Mindfulness-Based Relapse Prevention for Substance Use Disorders: A Pilot Efficacy Trial

Addictive Behaviors Research Center, Department of Psychology, University of Washington, Seattle, Washington, USA.
Substance Abuse (Impact Factor: 1.62). 10/2009; 30(4):295-305. DOI: 10.1080/08897070903250084
Source: PubMed


The current study is the first randomized-controlled trial evaluating the feasibility and initial efficacy of an 8-week outpatient Mindfulness-Based Relapse Prevention (MBRP) program as compared to treatment as usual (TAU). Participants were 168 adults with substance use disorders who had recently completed intensive inpatient or outpatient treatment. Assessments were administered pre-intervention, post-intervention, and 2 and 4 months post-intervention. Feasibility of MBRP was demonstrated by consistent homework compliance, attendance, and participant satisfaction. Initial efficacy was supported by significantly lower rates of substance use in those who received MBRP as compared to those in TAU over the 4-month post-intervention period. Additionally, MBRP participants demonstrated greater decreases in craving, and increases in acceptance and acting with awareness as compared to TAU. Results from this initial trial support the feasibility and initial efficacy of MBRP as an aftercare approach for individuals who have recently completed an intensive treatment for substance use disorders.

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    • "Alongside the development of mindfulness-based interventions , researchers have also studied mindfulness as a dispositional trait (Brown and Ryan 2003). Importantly, research indicates that meditation experience is positively related to trait mindfulness (Baer et al. 2008) and that trait mindfulness can be increased through mindfulness meditation training (Bowen et al. 2009; Carmody and Baer 2008). Furthermore, trait mindfulness has been shown to be related to decreased depressive symptoms, anxiety symptoms, stress, and alcoholrelated outcomes (Bowlin and Baer 2012; Cash and Whittingham 2010; Lyvers et al. 2013; Ostafin et al. 2013; Pearson et al. 2014; Weinstein et al. 2009). "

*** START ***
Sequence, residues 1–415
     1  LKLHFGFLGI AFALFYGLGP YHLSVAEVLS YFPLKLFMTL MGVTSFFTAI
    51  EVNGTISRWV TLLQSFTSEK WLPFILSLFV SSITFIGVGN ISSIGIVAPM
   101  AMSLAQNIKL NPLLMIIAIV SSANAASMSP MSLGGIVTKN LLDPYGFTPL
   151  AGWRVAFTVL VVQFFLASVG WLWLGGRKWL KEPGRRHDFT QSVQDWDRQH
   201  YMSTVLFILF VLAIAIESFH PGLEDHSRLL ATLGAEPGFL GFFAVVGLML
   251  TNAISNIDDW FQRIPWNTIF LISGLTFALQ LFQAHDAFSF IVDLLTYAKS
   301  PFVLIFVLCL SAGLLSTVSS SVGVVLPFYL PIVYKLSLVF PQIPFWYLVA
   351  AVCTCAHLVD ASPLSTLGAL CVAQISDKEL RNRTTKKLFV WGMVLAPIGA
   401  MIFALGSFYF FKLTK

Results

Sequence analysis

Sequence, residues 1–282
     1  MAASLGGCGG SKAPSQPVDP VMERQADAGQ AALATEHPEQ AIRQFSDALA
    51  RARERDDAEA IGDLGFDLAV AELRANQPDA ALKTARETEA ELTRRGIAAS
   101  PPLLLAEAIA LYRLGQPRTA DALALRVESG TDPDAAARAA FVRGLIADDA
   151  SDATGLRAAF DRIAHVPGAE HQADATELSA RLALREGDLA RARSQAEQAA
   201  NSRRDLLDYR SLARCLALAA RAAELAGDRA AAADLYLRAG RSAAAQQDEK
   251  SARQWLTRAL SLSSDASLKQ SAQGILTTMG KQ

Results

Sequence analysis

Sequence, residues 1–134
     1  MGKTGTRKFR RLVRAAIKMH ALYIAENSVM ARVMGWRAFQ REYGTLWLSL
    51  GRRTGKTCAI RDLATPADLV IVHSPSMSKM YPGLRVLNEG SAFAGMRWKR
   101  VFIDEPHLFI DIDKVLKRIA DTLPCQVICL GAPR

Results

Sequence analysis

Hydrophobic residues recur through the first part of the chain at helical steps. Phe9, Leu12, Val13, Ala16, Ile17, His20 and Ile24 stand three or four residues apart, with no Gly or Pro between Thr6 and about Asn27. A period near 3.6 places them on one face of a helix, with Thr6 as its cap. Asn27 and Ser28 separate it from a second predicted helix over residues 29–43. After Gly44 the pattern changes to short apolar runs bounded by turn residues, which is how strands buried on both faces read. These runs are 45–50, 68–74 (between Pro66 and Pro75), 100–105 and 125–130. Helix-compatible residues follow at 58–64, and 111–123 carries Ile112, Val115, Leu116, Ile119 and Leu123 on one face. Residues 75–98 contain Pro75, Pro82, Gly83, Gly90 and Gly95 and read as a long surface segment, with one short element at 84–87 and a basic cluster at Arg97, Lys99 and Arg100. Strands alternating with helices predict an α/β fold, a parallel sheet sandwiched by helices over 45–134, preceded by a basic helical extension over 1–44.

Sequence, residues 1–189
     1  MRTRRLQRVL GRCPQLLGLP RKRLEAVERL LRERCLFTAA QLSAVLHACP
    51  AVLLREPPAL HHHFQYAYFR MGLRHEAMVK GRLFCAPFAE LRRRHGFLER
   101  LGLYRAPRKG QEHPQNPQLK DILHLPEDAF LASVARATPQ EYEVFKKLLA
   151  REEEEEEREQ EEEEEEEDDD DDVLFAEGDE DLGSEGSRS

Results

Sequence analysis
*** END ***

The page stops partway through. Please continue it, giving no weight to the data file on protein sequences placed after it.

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    ABSTRACT: There has been an increasing focus on determining the psychological mechanisms underlying the broad effects of mindfulness on psychological health. Mindfulness has been posited to be related to the construct of reperceiving or decentering, defined as a shift in perspective associated with decreased attachment to one’s thoughts and emotions. Decentering is proposed to be a meta-mechanism that mobilizes four psychological mechanisms (cognitive flexibility, values clarification, self-regulation, and exposure), which in turn are associated with positive health outcomes. Despite preliminary support for this model, extant studies testing this model have not examined distinct facets of mindfulness. The present study used a multidimensional measure of mindfulness to examine whether this model could account for the associations between five facets of mindfulness and psychological symptoms (depressive symptoms, stress, anxiety symptoms, alcohol-related problems) in a sample of college students (N = 944). Our findings partially support this model. We found significant double-mediated associations in the expected directions for all outcomes (stress, anxiety symptoms, and depressive symptoms) except alcohol-related problems, and for each of the facets of mindfulness except observing. However, decentering and the specific mechanisms did not fully mediate the associations among mindfulness facets and psychological health outcomes. Experimental and ecological momentary assessment designs are needed to understand the psychological processes that account for the beneficial effects of mindfulness.